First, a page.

Lecture 7: Probabilistic planning

Scott Sanner
University of Toronto

This tutorial provides an introduction to planning under uncertainty based on the framework of Markov Decision Processes (MDPs). After motivating the basic MDP definition, the tutorial will cover a variety of fundamental solution methods for probabilistic planning in MDPs.

Lecture 8. An Introduction to Numeric Planning: Representation and Search Algorithms

Alfonso Gerevini
University of Brescia

Enrico Scala
University of Brescia

This lecture will provide an introduction to a class of (model-based) numeric planning problems that uses both propositional and numeric state variables to specify the problem actions, states and goals. The lecture will present the standard language PDDL2.1 that planning researchers and practitioners use to represent such problems, and the fundamental algorithms that are used in state-of-the-art planners supporting model-based numeric planning. The presentation will focus on those techniques that are based on an explicit exploration of the states space, and on heuristic functions aimed at efficiently and accurately approximate the structure of the problem to provide guidance in the search for both optimal and satisfying plans.

Lecture 9. Plan-Based Robot Control

Joachim Hertzberg
Oscar Lima Carrion
and
Sebastian Stock
DFKI, Osnabrück, Germany

Plan-based robot control (PBRC) comprises action plan generation, but a large list of additional planning topics, too: temporal, spatial, trajectory, and hierarchical planning; plus execution monitoring and control with its many aspects. Based on a short recap about PBRC, the lecture will zoom in on approaches to hierarchical planning and its benefits for PBRC, and on ROSPlan and the status of our integration of hierarchical planners into it. The lecture will also contain demos in simulation about hierarchical robot plan generation and execution.

Lecture 10. Integrated Planning and Acting using Operational Models

Dana Nau
University of Maryland

Sunandita Patra
University of Maryland

AI planning research has traditionally conceived of planning in environments where each action is a simple atomic event represented by a “descriptive model” (e.g., a PDDL model) specifying what the action’s outcome will be. In contrast, for an actor that executes the plan, each of the planner’s atomic actions is likely to be a complex activity whose details are described by an “operational model” (e.g., a computer program) telling how the action should be performed. Execution of these operational models may occur in an open and dynamically changing world in which unforeseen events require quick replanning. Thus it may be essential for the planner to run online, in tight integration with the actor’s reasoning processes.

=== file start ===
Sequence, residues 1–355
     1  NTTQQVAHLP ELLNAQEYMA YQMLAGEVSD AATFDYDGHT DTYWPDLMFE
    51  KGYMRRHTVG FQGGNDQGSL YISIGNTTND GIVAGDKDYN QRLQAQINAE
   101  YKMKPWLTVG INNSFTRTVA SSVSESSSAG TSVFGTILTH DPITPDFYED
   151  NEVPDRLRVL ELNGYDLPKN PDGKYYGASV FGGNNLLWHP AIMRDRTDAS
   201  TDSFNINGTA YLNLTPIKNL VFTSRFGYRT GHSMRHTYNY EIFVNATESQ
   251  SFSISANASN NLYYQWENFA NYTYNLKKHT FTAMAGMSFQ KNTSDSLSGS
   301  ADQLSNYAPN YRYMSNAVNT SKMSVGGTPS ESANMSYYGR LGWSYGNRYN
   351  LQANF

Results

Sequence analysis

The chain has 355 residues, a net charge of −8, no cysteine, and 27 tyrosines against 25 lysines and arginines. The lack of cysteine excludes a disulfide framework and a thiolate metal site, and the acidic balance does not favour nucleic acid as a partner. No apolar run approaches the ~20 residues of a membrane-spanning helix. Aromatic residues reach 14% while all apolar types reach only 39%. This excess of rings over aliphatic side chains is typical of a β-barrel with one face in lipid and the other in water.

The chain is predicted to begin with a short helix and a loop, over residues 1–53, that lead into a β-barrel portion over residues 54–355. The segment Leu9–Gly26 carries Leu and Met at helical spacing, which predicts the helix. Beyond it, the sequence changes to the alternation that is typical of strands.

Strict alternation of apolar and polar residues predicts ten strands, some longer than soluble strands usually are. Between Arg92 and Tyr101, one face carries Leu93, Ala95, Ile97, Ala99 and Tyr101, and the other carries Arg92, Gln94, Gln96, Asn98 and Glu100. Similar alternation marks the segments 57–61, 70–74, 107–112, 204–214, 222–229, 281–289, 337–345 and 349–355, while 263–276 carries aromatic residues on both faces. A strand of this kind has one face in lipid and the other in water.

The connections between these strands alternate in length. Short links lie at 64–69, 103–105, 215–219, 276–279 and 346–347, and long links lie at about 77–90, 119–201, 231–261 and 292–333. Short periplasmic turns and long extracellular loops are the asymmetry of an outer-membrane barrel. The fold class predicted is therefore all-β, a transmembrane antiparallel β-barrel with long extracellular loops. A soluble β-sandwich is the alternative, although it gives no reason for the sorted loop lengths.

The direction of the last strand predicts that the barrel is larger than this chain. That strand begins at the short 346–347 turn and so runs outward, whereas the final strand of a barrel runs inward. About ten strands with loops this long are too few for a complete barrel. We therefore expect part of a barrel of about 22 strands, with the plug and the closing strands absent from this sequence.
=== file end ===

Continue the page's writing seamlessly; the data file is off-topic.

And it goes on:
We will present such an actor and a planner, and show how to use them. The actor, RAE, uses a set of hierarchically organized operational models called refinement methods. The planner, UPOM, runs online as a subroutine of RAE. Rather than using a separate set of descriptive models, UPOM plans by performing RAE’s refinement methods in a simulated environment, using a Monte Carlo Tree Search (MCTS) approach. Further information about RAE and UPOM is available in [1].
Tutorial attendees will be given copies of RAE, UPOM, and instruction in how to use them, along with operational models and test data for several different scenarios.

[1] S. Patra, J. Mason, A. Kumar, M. Ghallab, P. Traverso, and D. Nau (2020). Integrating acting, planning, and learning in hierarchical operational models. In ICAPS-2020. Best student paper honorable mention award.

Lecture 11. Developments in Model-Based Reinforcement Learning

Alan Fern
Oregon State University

Model-Based Reinforcement Learning (MBRL) is a research topic that relates the fields of automated planning and reinforcement learning. MBRL agents are characterized by an explicit attempt to learn world models from either online or offline data and use those model to improve the reinforcement-learning process. This lecture will give a brief historical review of MBRL and then review some of the recent trends in both online and offline MBRL. The lecture will also offer perspectives on fruitful research directions for more powerfully marrying MBRL with work from the automated planning community.

Lecture 12. Planning and Plan Execution for Human-Robot Interaction tasks

Ron Petrick
Heriot-Watt University

Luca Iocchi
Sapienza University of Rome

In this lecture, we will present an overview of problems and solutions arising when automated planning techniques are used to model scenarios in which humans and artificial agents are involved to achieve some common goal. In particular, we will describe the use of epistemic planning to explicitly model agent’s knowledge about humans and issues related to the execution of plans mixing agent and human actions.
We will provide examples in Human-Robot Interaction domains and provide pointers to frameworks and tools that can be used to develop practical solutions in these domains.

Lecture 13. Long-term autonomy

Nick Hawes
Oxford Robotics Institute

Long-term goal-driven robotic autonomy requires planning to enable an autonomous robot to adapt its behaviour to the variations that occur in its tasks and environment. I this talk I will present our approach to planning for long-term autonomy which combines Markov decision processes, probabilistic verification, and machine learning. This approach has been used to guide years of robot behaviour in real world deployments. I will also present a number of recent developments that extend our basic approach to address, multiple robots, multiple objectives, partially known environments, and planning for human interventions.